The results of a new study demonstrate that one-third of patients with recurrent ovarian cancer who are
The results of a new study demonstrate that one-third of patients with recurrent ovarian cancer who are categorized as platinum-sensitive respond to treatment with topotecan (Hycamtin). The multicenter trial, conducted by the Gynecologic Oncology Group (GOG) and published in the March issue of the Journal of Clinical Oncology, is the first to specifically evaluate the efficacy of topotecan in platinum-sensitive patients (defined in this study as those who experience a relapse 6 or more months after prior treatment).
The results suggest that topotecan may be an alternative to platinum-based retreatment for this population. Patients treated with multiple courses of platinum-based chemotherapies are at increasing risk for cumulative adverse events with each additional course of therapy.
Effective and Tolerable Alternative
The study elicited a response rate of 33%, with an additional 48% of patients demonstrating stable disease. The median duration of response for all responders was 11.2 months.
Given its noncumulative toxicity profile and the response rates seen in this study, Hycamtin offers patients an effective and tolerable alternative to retreatment with first-line agents, said lead investigator William McGuire, MD, director of chemotherapy services, Gynecologic Oncology Center, Mercy Medical Center, Baltimore, and clinical professor of medicine, University of Mississippi School of Medicine, Jackson, Miss. The encouraging response rate and median duration of response seen in this study further indicate that use of Hycamtin, already known to be an active drug in ovarian cancer, offers another therapeutic option in platinum-sensitive patients.
The study enrolled 48 patients who were given topotecan intravenously for 30 minutes at a starting dose of 1.5 mg/m² daily for 5 consecutive days every 3 weeks. Patients had received no more than two prior platinum-based treatment regimens and had intervals of at least 6 months between the most recent platinum therapy regimen and study entry. Dose level modifications allowed for dose reductions to 1.0 mg/m² when significant hematologic toxicity was unresponsive to granulocyte colony-stimulating factor (G-CSF [Neupogen]) and dose increases to 2.0 mg/m²for grade 0 or 1 hematologic toxicity in the prior course of therapy.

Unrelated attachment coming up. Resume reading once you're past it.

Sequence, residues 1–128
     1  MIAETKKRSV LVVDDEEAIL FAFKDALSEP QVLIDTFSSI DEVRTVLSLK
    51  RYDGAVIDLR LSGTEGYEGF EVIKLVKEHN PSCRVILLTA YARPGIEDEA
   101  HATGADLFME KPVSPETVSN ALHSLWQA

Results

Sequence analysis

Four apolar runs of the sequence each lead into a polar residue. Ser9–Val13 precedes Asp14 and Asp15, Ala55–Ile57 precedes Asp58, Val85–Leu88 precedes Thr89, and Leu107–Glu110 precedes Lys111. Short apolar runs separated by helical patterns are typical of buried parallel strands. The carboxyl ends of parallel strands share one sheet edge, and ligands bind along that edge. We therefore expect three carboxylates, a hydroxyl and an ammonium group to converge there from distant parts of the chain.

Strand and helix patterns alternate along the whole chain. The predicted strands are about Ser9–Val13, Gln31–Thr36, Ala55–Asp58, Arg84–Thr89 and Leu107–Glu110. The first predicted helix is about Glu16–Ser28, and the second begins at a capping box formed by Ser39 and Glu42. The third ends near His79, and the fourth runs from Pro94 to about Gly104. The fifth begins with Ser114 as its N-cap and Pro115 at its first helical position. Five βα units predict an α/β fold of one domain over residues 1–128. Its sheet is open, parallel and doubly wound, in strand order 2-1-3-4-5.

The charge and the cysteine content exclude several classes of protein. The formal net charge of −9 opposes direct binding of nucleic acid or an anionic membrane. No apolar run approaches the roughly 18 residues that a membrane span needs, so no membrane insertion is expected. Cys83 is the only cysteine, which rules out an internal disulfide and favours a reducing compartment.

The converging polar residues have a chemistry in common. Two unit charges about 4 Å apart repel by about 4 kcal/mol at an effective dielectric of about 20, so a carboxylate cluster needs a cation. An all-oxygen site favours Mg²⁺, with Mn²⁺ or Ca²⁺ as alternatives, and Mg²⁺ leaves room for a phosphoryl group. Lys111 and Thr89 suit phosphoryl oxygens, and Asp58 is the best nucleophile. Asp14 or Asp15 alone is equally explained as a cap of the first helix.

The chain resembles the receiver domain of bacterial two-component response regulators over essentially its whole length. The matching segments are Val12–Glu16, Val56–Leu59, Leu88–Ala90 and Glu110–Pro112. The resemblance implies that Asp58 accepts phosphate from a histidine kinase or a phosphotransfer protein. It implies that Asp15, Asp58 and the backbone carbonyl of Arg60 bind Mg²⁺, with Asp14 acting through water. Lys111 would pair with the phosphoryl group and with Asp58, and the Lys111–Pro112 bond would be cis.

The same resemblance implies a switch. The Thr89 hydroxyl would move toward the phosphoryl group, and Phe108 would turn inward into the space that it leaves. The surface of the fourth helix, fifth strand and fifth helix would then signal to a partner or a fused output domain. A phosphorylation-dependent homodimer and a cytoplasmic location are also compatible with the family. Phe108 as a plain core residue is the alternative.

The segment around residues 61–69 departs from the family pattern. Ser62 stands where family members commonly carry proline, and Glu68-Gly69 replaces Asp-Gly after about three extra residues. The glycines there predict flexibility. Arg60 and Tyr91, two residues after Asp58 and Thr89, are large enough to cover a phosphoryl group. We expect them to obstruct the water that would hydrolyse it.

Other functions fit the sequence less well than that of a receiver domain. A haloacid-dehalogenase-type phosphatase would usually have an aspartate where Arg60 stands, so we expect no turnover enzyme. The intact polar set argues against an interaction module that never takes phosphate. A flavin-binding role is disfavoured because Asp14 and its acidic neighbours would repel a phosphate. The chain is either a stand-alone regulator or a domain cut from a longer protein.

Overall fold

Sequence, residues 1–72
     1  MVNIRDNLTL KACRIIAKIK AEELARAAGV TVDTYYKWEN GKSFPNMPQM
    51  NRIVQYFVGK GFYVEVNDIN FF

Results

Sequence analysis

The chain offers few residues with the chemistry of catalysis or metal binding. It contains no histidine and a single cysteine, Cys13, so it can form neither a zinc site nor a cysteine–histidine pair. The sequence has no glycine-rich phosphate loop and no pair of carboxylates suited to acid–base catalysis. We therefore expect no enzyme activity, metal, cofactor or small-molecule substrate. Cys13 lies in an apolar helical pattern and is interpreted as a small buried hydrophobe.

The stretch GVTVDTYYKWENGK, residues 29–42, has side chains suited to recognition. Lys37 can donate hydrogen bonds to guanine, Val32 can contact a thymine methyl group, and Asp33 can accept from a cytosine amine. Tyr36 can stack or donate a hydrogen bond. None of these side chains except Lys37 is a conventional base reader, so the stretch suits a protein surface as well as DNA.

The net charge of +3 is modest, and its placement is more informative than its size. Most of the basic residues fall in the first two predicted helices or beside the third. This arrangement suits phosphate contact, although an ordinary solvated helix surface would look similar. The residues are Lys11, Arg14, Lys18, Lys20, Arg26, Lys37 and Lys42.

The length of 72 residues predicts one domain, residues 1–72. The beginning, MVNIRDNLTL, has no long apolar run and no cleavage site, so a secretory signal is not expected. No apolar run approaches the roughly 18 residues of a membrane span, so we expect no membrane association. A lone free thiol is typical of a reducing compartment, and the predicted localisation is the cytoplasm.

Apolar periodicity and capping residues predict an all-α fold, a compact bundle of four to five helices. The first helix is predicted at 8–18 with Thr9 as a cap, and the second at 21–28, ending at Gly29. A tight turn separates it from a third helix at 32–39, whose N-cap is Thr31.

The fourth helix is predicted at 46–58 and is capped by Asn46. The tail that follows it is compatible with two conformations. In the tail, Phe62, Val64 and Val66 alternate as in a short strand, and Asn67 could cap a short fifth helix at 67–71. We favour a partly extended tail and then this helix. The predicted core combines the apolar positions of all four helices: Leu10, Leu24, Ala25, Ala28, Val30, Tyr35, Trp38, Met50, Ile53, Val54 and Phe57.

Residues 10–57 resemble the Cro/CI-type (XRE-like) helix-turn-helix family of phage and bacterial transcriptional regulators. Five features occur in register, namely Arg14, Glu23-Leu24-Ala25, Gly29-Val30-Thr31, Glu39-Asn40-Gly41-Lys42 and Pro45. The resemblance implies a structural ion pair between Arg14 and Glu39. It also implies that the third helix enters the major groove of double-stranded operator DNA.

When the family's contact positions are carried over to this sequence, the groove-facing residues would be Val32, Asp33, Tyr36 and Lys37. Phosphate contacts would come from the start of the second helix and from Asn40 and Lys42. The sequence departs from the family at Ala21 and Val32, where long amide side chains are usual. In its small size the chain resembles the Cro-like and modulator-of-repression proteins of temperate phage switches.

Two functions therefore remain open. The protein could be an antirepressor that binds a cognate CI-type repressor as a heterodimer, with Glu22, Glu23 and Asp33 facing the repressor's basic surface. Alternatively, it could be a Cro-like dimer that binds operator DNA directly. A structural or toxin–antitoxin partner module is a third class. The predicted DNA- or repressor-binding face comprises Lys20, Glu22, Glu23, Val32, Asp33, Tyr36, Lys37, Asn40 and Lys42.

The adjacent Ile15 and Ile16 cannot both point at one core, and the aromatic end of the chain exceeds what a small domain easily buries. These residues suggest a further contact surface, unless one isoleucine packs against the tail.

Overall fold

Of patients enrolled in the study, 46 were evaluable for response and 47 for safety. Among the patients responding to treatment with topotecan, there were two complete responses and 13 partial responses. The median time to response was 2.5 months, or three courses, and the median progression-free interval in all patients was 9.6 months.
Severe neutropenia occurred in 91% of patients and was associated with fever in 15% of patients. G-CSF was administered to 45% of patients during subsequent courses of therapy. Severe thrombocytopenia was seen in 23% of patients. Anemia occurred in 91% of patients, with 44% requiring red blood cell transfusions during therapy.
Fatigue was reported in 32% of patients, causing some to discontinue therapy prior to clinical progression. The rate of therapy discontinuation due to fatigue is unique to this study and is unlike that seen in previous studies of topotecan.
Currently, patients with recurrent ovarian cancer are often retreated with platinum-based therapies, sometimes resulting in cumulative toxicities, said Dr. McGuire. These promising study results indicate that using Hycamtin after patients relapse from their initial ovarian cancer treatment may generate responses comparable to those seen with platinum-based retreatment.
Topotecan should not be used in patients who have a history of allergic reactions to topotecan or any of its ingredients and should not be used in patients who are pregnant or breast-feeding, or those with low blood counts. Side effects may be more severe if topotecan is given with other chemotherapies.